Propagation from Seed
Several methods of propagating pawpaw from seed have been described. The simplest method is to plant the entire fruit. More commonly, seed are removed from the fruit and washed before planting or storing. It is generally agreed that the seed should not be allowed to dry out (but see Georgiadis, 1983). For storing small quantities, place seed in a polyethylene bag with damp, not soggy, sphagnum moss and seal the bag.
Freshly collected seed have dormant embryos and must be stratified before they will germinate. Storage at 35 to 45o F (2 to 7o C) for 60 to 100 days has been recommended (USDA, 1948; Thomson, 1974). Stratified seed may be planted directly. However, Nichols (1986) reported more rapid germination when seed are soaked in warm water for 24 hours prior to planting and soil temperatures are kept at 75 to 80o F (24 to 27o C).
Seed should be planted 3/4″ to 1″ (2 to 2.5 cm) deep. Germination of fall-planted seed (not stratified) frequently does not occur until July and may continue irregularly throughout the summer. Seedlings are sensitive to strong sunlight and should be protected by light shade during the first year.
Two to three years from seed are usually required to obtain plants large enough to graft. Zimmerman (1941) stated that pawpaws graft very readily on any native [Asimina] stock. Chip-budding is a method that has been reported to be successful (Davis, 1983a). The use of Annona cherimola as a stock is successful the first year but graft incompatibilities become apparent the second, according to Thomson (1974).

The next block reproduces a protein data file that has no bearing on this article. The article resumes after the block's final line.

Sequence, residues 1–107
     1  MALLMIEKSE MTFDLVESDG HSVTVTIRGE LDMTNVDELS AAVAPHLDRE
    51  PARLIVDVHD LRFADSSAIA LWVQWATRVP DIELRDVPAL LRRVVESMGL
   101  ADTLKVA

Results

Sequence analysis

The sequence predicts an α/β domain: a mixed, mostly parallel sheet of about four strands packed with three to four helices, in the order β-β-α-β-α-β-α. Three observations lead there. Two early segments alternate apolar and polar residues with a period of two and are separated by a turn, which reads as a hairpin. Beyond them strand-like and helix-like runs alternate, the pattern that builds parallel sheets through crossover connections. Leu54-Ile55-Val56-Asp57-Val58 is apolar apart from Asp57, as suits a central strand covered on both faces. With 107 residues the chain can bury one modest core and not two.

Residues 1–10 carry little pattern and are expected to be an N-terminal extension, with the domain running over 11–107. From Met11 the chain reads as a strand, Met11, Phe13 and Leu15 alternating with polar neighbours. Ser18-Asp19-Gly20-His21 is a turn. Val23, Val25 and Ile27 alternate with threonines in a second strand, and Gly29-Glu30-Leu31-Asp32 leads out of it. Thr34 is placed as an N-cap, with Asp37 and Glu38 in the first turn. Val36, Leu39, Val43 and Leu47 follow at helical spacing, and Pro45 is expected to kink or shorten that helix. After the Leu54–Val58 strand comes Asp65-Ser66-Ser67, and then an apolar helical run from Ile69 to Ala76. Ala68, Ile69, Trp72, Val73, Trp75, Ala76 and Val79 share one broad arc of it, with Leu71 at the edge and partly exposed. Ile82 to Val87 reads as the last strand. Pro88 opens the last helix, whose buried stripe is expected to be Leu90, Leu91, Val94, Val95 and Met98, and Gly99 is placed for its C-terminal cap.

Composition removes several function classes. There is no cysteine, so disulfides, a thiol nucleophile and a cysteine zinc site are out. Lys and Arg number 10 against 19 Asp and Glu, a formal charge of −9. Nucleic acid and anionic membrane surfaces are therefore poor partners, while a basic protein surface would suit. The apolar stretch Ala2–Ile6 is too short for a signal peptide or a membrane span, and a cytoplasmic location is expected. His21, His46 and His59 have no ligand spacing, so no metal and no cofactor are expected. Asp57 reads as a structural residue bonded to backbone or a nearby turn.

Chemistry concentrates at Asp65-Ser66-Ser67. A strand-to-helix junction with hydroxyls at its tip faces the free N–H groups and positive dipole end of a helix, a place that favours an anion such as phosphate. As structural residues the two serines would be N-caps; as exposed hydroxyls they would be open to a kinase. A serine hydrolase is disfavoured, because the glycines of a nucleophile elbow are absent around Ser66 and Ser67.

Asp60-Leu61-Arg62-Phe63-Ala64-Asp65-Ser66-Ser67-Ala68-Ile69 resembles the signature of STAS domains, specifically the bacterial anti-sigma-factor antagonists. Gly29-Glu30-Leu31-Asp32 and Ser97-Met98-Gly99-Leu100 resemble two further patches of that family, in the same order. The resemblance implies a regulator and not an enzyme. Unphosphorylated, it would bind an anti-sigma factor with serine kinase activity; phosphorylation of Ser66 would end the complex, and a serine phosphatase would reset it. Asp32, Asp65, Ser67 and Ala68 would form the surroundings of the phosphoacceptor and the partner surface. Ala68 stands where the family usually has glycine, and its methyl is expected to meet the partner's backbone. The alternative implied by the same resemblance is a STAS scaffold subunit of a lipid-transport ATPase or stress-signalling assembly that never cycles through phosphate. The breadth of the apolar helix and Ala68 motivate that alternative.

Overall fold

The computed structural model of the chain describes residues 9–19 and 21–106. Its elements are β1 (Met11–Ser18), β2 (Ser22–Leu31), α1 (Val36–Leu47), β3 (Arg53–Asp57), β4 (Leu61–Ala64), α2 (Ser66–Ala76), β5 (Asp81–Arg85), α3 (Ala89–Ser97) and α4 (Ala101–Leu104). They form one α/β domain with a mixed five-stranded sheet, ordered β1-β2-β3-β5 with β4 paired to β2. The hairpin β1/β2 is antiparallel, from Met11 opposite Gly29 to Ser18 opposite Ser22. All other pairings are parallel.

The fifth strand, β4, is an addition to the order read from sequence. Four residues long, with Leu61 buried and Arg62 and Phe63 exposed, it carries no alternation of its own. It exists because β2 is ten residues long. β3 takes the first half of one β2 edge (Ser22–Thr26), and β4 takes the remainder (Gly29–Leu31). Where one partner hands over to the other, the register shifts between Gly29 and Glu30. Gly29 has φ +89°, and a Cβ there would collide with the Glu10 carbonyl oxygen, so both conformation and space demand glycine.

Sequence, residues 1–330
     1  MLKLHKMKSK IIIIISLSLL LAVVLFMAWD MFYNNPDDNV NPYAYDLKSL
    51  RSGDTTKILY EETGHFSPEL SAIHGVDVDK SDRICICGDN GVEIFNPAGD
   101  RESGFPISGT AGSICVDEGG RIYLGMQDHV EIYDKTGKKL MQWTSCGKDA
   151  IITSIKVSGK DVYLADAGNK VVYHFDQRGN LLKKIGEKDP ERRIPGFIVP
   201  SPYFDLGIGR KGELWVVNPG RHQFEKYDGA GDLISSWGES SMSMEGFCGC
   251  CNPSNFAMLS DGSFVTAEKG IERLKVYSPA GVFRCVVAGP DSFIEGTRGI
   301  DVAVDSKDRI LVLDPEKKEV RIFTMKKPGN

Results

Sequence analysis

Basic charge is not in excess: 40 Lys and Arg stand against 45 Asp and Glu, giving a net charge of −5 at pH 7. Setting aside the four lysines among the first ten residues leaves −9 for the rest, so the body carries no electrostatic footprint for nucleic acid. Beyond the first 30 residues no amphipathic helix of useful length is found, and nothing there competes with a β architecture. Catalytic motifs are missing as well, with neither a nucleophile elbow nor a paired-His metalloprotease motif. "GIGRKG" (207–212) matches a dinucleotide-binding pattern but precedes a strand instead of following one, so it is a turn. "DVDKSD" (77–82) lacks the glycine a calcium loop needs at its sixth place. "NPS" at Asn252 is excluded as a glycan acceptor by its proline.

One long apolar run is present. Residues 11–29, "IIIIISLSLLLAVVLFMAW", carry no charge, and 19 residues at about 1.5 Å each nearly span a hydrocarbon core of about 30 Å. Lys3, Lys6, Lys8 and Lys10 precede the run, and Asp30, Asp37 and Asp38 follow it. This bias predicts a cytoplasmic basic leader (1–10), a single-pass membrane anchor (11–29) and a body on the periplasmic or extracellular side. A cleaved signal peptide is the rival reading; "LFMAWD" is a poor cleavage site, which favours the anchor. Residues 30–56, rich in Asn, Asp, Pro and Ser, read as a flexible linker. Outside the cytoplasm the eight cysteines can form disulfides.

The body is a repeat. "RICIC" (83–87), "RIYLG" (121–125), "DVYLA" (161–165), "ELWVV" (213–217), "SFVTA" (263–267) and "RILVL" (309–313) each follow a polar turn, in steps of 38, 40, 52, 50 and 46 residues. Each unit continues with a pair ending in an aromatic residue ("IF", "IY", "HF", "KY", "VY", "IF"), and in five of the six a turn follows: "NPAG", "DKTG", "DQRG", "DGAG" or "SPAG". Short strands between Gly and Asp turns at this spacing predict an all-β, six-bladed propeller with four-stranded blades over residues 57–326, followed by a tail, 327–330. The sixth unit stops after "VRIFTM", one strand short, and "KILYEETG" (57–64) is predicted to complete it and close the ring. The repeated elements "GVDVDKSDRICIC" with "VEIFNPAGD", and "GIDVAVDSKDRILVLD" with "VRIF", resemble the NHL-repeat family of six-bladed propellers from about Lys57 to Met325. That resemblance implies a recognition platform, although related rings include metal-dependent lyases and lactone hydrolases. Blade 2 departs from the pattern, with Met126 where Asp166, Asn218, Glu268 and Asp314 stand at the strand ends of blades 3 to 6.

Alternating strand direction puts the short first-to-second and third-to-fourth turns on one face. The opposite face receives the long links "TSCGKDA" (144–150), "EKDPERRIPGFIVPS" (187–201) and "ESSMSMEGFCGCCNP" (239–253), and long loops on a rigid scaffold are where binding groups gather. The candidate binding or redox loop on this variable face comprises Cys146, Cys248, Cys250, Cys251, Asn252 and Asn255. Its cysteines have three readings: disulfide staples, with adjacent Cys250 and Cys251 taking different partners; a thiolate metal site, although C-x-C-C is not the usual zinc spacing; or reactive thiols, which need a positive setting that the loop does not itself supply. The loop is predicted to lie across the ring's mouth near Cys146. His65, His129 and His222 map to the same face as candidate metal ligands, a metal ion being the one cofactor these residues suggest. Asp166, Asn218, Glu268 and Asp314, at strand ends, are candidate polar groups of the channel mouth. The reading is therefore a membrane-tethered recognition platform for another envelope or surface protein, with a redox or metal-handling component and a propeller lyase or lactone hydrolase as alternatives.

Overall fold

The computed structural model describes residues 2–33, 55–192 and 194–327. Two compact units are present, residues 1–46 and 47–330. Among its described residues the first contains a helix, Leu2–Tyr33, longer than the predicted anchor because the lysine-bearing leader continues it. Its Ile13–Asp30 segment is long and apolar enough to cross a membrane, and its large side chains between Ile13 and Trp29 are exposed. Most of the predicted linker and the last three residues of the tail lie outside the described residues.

Hardwood and root cuttings generally have not been successful. However, Hickman (1985) described a successful method of rooting softwood cuttings under intermittent mist. Cuttings 6″ to 8″ (15 to 20 cm) long with 3 leaves were taken in August. Leaves were cut in half. Cuttings were dipped in Rootone #10 (no longer available) and placed several inches deep into a medium consisting of 1 part coarse sand to 1 part peat moss. Bottom heat (80o F, 27oC) and supplemental light (14 hours) were supplied. Percentage of cuttings forming roots was low (Hickman, personal communication).
The author is unaware of any published reports on the propagation of pawpaw by tissue culture. While at Cornell University, the author successfully regenerated shoots from leaf tissue using a slight modification of a published medium. Shoots from these explants callused but failed to produce roots. The author feels that root regeneration would have been induced by transferring the explants to another medium and hopes to duplicate this work, as well as induce root formation, in subsequent experiments. Details of the procedure will be made available at that time.
Pawpaw has a reputation of being difficult to transplant. Plants should be transplanted at 12″ to 18″ (30.5 to 46 cm) tall while dormant. The addition of approximately 25% vermiculite by volume into the hole at planting is a commonly recommended practice. One nursery (Mellinger’s Inc., North Lima, OH) suggests dipping the roots into gibberellic acid before planting. Another practice thought to improve transplanting success is the addition of soil from the original hole into the new hole. Pawpaw is believed to have a symbiotic association with mycorrhizae. Those advocating this practice argue that soil from the original hole should contain this fungus and aid in its establishment at the new site, thus improving pawpaw transplanting success. Trimming back the top is often recommended when transplanting. A 12″ (30.5 cm) seedling should be pruned back to about 8″ (20 cm) when transplanting.
TABLE OF CONTENTS
- The Pawpaw (Asimina triloba)
- Miscellaneous Uses
- Research Needs
- Table 1. Descriptions for Species of Asimina Native to the United States Mainland
- Table 2. Nomenclature of Asimina Species
- Table 3. Pawpaw Cultivars
- Table 4. Traits to be Considered When Selecting Pawpaws
- Figure 1. Distribution of Asimina triloba in the United States
- Figure 2. Distribution of Asimina Species Native to Extreme Southeastern United States
- Figure 3. Distribution of Asimina parviflora in the United States